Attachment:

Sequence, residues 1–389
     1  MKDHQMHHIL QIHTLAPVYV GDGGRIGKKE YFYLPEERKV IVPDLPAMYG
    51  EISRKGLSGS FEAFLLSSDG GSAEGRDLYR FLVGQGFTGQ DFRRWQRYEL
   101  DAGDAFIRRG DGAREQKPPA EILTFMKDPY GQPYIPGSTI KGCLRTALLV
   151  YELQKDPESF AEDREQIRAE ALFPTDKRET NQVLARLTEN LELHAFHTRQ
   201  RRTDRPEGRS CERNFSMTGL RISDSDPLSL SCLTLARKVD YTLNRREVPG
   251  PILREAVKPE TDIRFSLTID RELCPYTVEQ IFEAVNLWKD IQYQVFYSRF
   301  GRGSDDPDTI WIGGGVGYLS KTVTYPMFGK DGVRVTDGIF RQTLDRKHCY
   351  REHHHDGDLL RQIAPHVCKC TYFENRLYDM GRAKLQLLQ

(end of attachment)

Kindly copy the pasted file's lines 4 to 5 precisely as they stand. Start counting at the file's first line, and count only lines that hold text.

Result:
   101  DAGDAFIRRG DGAREQKPPA EILTFMKDPY GQPYIPGSTI KGCLRTALLV
   151  YELQKDPESF AEDREQIRAE ALFPTDKRET NQVLARLTEN LELHAFHTRQ